Chapter

The Burial Customs of Early Christian Cyprus: A Bioarchaeological Approach

Sherry C. Fox, Ioanna Moutafi, Eleni Anna Prevedorou and Despo Pilides

in Bioarchaeology and Behavior

Published by University Press of Florida

Published in print October 2012 | ISBN: 9780813042299
Published online January 2013 | e-ISBN: 9780813043449 | DOI: http://dx.doi.org/10.5744/florida/9780813042299.003.0004
The Burial Customs of Early Christian Cyprus: A Bioarchaeological Approach

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Burial customs of the Early Christian period in Cyprus are thought to be relatively homogeneous, by consistently having an east-west orientation, no burials in the apse, and no infant burials within the church. Studying both bioarchaeology and archaeological data from 5 different coastal and inland sites (N=95) identifies subtle differences that emerge in these burials. There is evidence of secondary burial and single and multiple individuals buried in simple pits, in cist graves, in tile graves, in tombs, in sarcophagi, in a kiln, and in a cistern. Bodies are buried in a supine position and with arms folded across the pelvis, abdomen or possibly the chest. Therefore despite overall adherence to a social expectation of burial, burial in ecclesiastical complexes are not as restricted as previously imaged.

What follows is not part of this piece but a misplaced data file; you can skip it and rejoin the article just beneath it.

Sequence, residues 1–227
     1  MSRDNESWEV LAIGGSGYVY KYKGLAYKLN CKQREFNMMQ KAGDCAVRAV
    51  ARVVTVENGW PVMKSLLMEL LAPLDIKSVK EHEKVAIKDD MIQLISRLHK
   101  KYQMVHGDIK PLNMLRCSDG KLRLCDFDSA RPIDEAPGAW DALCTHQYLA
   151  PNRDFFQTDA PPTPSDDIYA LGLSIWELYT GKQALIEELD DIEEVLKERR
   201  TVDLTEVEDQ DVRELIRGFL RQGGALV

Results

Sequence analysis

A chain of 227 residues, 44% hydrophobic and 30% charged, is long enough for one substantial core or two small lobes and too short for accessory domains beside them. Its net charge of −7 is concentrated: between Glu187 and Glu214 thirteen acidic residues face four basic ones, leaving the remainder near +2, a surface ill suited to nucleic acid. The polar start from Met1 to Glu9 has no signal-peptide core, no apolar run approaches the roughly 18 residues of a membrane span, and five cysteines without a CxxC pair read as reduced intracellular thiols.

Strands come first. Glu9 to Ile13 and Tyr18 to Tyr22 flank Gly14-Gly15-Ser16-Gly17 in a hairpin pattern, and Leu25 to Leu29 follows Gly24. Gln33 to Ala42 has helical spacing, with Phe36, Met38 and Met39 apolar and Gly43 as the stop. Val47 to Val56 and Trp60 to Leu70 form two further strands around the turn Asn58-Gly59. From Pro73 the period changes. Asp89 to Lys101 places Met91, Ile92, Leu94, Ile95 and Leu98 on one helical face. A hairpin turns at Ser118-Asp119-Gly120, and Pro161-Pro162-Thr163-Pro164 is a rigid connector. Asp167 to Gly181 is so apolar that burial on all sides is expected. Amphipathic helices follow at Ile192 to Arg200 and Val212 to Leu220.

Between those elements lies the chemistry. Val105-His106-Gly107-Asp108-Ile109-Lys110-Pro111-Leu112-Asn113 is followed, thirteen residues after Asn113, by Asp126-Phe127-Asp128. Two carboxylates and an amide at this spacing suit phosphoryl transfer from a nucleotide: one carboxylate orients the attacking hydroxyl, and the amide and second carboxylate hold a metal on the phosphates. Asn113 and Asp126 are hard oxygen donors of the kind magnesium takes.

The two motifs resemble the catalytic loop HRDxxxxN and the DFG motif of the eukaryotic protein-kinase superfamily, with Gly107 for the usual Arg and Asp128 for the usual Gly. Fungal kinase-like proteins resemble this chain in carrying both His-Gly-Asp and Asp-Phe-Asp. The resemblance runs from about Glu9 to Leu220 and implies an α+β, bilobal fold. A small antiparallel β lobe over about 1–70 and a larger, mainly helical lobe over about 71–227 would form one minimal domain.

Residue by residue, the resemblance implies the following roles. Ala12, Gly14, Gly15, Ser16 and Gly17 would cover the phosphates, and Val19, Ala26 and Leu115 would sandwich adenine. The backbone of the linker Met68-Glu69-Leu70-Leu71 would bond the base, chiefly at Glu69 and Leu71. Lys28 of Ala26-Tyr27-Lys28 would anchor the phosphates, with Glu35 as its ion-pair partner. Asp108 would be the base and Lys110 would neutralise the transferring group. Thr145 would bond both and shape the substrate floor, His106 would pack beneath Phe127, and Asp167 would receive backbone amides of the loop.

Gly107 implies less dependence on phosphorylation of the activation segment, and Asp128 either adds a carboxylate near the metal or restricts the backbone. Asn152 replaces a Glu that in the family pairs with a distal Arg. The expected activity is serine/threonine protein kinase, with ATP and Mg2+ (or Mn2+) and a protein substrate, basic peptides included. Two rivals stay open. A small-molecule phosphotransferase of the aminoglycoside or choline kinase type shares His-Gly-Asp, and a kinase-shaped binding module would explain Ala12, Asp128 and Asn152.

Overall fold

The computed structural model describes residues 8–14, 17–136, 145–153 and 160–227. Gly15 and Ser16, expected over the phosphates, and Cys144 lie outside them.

Keywords: Cyprus; Late Byzantine; Church burials; Mortuary practices; Secondary burial

Chapter.  7881 words. 

Subjects: Prehistoric Archaeology

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